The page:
A euphemism is a softer or less direct expression that has been substituted for an unpleasant, rude, or offensive term.
- “Passed away” or “in a better place” for “died”
- Euphemisms almost always take the form of stock expressions or widely recognized phrases.
- “Let go” for “fired” or “collateral damage” for civilian casualties
- A true euphemism is recognizable without context; no matter what the surrounding words are, everyone will know what you mean.
- “The discomfort of the three-hour dental procedure was difficult to forget.”
- Be careful not to confuse all polite or gentle word choice with euphemisms. For example, while a construction like this is certainly a mild way of expressing the idea that you had a painful and protracted dental experience you can still vividly recall, it isn’t a euphemism—it’s simple understatement. In order for an understatement to be a euphemism, the substitution must be recognizable regardless of the context. Here, though you could make the case that “discomfort” is a substitution for “pain” and “difficult to forget” is standing in place of “traumatic,” it’s only the context of this sentence that helps you know what the speaker really means.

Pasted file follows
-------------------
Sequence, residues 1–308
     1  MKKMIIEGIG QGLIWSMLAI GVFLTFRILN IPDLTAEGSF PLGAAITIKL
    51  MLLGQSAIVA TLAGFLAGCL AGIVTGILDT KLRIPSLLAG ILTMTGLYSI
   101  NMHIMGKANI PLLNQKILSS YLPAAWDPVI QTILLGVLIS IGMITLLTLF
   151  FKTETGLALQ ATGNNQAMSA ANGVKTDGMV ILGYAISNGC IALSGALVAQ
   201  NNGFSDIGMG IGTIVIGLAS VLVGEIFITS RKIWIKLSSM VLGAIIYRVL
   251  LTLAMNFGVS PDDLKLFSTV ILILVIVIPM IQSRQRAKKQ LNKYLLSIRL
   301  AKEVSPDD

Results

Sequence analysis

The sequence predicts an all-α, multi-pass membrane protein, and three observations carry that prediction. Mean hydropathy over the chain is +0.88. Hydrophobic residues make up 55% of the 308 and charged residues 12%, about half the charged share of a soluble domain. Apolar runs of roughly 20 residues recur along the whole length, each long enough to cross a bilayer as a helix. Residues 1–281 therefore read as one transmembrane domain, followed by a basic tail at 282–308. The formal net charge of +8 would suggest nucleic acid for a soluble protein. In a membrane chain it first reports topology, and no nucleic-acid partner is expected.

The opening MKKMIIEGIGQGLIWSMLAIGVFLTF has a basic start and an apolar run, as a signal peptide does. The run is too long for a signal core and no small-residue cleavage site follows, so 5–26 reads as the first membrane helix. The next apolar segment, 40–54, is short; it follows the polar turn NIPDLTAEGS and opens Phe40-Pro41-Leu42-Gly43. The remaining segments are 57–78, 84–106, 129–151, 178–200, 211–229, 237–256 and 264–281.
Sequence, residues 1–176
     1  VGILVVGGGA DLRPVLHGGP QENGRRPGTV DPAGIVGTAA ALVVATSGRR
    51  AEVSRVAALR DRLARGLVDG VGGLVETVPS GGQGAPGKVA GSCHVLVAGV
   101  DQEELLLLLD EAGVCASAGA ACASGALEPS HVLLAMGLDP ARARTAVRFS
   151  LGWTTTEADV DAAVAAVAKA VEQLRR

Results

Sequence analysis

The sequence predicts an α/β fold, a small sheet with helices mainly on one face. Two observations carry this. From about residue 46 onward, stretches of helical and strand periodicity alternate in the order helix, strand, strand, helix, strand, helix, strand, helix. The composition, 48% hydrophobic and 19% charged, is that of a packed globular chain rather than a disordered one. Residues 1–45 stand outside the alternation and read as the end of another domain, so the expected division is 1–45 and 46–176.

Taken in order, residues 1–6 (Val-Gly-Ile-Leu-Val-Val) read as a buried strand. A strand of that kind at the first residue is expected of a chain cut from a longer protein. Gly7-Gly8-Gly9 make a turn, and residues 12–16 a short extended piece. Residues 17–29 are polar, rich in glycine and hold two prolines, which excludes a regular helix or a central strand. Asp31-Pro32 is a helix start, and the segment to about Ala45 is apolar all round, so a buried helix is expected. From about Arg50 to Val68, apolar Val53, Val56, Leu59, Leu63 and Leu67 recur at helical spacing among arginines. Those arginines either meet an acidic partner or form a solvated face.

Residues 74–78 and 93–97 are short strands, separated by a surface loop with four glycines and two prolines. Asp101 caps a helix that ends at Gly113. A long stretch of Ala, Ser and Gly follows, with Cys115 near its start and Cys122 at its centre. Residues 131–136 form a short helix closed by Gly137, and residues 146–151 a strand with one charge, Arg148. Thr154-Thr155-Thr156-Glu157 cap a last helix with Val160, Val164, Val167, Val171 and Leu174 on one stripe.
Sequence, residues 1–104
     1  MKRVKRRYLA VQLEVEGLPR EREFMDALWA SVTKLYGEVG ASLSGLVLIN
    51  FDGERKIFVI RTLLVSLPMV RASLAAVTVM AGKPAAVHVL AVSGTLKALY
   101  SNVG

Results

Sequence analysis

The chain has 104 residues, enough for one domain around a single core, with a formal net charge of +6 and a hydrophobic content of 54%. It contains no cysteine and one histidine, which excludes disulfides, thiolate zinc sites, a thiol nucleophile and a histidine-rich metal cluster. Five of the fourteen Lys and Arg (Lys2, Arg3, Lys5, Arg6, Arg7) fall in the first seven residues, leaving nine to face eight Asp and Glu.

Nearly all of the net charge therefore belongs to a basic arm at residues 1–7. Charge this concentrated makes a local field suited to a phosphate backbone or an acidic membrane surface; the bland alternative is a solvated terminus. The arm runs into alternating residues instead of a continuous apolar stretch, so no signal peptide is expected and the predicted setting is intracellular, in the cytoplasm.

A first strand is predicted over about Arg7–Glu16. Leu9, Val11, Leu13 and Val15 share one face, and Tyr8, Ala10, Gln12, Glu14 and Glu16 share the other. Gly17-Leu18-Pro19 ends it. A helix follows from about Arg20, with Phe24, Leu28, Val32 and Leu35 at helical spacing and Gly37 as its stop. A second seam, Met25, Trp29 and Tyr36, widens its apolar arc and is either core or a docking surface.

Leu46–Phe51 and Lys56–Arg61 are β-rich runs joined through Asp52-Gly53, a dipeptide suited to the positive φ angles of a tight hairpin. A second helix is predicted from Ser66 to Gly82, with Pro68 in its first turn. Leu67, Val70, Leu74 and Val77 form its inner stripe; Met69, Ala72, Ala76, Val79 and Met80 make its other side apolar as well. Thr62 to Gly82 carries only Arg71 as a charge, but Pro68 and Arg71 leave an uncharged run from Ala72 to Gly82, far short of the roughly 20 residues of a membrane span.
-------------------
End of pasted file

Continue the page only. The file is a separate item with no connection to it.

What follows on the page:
Explore all literary terms.